It was broad daylight, on a Saturday in January, when a young man — tall, slender, backpack on his back — walked through Patrick Striker’s open bay door at a Corbin Park alleyway. He seems to expect the shop to be empty, that whatever’s inside is free for the taking.
But then he saw Striker stand up from behind some benches in the garage. And then he saw Striker pick up a 2x4. Striker
Spokane C.O.P.S photo
Patrick Striker, executive director of Spokane C.O.P.S., confronted a would-be burglar with a 2x4 in January
suggested, with particularly colorful language, that the intruder should leave.
And as Striker, the executive director of the Spokane Community Oriented Policing Services program, dialed 911, he saw the intruder, seemingly unfazed by their confrontation, walk down the alleyway, trying handles and doorknobs, searching, in plain sight, for another opportunity and another crime. He was that
"He either just didn’t care or, I’m guessing, he was high or something," Striker says.
In this week's cover story
, the Inlander
dove deep, trying to figure out why property crime is so high in Washington state and why thieves and burglars are so brazen.
It's particularly bad in Spokane — in 2014, the Spokane Metropolitan Statistical Area (which includes Spokane, Stevens, and Pend Oreille Counties) had the highest reported property crime rate in the nation
. And even though initial figures suggest crime has decreased, men and women on the front line of watching property crime — guys like Striker — see an ongoing plague. The C.O.P.S. program works with volunteers to help neighborhoods prevent crime.
“This is very much an epidemic,” Striker says. "It’s pretty clear that property crimes are pretty much through the roof in Spokane. A lot of car prowling. Petty theft. Stealing things from cars, breaking into garages. If you leave something on your porch and turn your back it’s going to be gone."
He's seen crime hit the Corbin Park area, where he lives. "It just seems like every single night somebody has had something broken into or had something stolen," Striker says.
Corbin Park neighbor Rick Powell had wagon wheels — painted black and gold and handed down from his grandparents —chained up in his yard. Last May, thieves snipped the chain and hawked them for $100 at a Hillyard antique shop.
"My wife was distraught," Powell says. "We loved them and we painted them."
He's had stacks of tires stolen, too. But his family has fared better than the guy down the street, Powell says, who surprised a thief in the midst of a garage burglary and ended up being beaten so badly he went to the hospital.
Even traditionally safe neighborhoods, Striker says, have felt something change.
“The Five Mile neighborhood is a neighborhood has historically been pretty safe," Striker says. "We just had a meeting last month. They’re not feeling safe anymore."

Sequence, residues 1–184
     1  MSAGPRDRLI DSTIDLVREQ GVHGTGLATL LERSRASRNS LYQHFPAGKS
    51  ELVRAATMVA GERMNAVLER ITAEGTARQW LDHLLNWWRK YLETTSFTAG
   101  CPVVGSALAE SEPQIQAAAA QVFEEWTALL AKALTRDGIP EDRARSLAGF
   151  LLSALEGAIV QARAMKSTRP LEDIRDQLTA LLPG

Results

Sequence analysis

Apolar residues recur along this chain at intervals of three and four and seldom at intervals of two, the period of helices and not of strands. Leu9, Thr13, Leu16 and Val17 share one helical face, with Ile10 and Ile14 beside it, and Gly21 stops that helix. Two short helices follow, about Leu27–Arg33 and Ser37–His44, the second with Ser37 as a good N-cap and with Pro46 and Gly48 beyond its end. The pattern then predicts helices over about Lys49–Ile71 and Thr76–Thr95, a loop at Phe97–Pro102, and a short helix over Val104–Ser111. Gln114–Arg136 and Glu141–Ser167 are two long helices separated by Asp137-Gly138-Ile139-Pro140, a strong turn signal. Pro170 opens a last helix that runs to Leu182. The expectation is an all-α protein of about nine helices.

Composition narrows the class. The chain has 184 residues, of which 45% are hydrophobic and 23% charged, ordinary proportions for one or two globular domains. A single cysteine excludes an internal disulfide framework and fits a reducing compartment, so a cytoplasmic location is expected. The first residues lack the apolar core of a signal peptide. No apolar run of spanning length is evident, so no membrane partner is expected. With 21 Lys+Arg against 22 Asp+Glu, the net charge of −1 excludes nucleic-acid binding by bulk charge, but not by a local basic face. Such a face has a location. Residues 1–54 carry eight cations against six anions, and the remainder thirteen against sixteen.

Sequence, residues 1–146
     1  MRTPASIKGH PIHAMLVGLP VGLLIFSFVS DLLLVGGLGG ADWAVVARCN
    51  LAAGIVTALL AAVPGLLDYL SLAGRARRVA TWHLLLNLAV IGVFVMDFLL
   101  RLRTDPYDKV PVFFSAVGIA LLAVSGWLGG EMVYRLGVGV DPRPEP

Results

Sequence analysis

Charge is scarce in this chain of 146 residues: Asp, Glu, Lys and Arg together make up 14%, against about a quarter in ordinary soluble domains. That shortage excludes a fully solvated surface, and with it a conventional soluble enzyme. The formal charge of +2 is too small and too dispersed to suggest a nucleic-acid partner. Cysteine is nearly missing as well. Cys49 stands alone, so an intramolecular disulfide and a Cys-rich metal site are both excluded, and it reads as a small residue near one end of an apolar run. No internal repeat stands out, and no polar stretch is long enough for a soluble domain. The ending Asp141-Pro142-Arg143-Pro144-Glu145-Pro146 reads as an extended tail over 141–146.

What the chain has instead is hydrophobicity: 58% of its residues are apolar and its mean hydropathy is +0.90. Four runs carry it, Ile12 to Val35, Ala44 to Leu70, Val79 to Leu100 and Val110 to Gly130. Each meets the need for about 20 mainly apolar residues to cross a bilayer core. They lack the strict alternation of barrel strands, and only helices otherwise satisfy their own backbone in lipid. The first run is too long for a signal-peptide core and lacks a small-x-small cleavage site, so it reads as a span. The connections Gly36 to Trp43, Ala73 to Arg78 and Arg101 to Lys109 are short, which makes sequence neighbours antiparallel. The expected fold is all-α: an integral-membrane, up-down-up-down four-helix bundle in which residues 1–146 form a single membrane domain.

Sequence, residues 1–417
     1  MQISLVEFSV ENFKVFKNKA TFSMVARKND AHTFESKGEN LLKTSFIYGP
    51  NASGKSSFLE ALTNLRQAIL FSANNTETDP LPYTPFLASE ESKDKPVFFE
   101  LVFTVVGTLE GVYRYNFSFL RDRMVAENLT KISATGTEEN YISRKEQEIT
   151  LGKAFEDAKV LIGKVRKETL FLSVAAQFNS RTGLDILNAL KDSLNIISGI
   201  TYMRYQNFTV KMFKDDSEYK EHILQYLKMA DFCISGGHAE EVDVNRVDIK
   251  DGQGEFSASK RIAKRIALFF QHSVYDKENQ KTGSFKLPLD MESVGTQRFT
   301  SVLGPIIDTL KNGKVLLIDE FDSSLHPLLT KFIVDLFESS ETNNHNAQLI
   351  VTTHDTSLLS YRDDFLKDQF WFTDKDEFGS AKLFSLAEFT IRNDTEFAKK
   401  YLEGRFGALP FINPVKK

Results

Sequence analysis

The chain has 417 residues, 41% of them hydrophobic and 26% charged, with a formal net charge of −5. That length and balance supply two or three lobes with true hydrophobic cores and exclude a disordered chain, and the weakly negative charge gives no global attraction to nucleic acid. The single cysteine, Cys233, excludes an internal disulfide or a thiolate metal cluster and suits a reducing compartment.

And before you shrug all this off as just property crime
, for victims, the psychological impact of a theft or burglary can linger.
“I used to never think about my shop being broken into,” Striker says, “and now every morning when I wake up and let my dog out, I go to my garage and check.”
Spokane County resident Jodie Sinclair hammered this theme in testimony before the legislature last year. After walking in on two career criminals robbing her house in 2011, Spokane County resident Jodie Sinclair armed her household.
“If my daughters had been home that day, as they normally would have been, I would have had two men in my home, with weapons, with 9 and 11-year-old daughters,” Sinclair said. “My 15-year-old will not sleep in her own bedroom in her basement to this day.”
Striker worries that the long-term consequences of a property crime problem will result in a kind of apathy. It's the worst case scenario: Crime doesn't decline, but people just stop bothering to report it. The official statistics will appear to show a decrease in property crime, and city leaders will celebrate. But the problem will get even worse.
In fact, he's worried that's already happeni
“I think most people have been reporting less, because either they just assume somebody else has reported it or they don’t see the police and they say, ‘That was a waste of time,’" Striker says. "They give up."
It’s not just the citizens that are feeling cynical and disillusioned, Striker says. He’s hearing it from cops and corrections officers, too.
"If you were to ask police officers how many times they arrest a person and it’s the same person over and over, they’ll just go off on a diatribe," Striker says. But on all fronts, he urges persistence.
"What I tell everybody at all my meetings: If you didn’t’ report it, it didn’t happen," Striker says. “You can’t give up. You just have to keep calling.”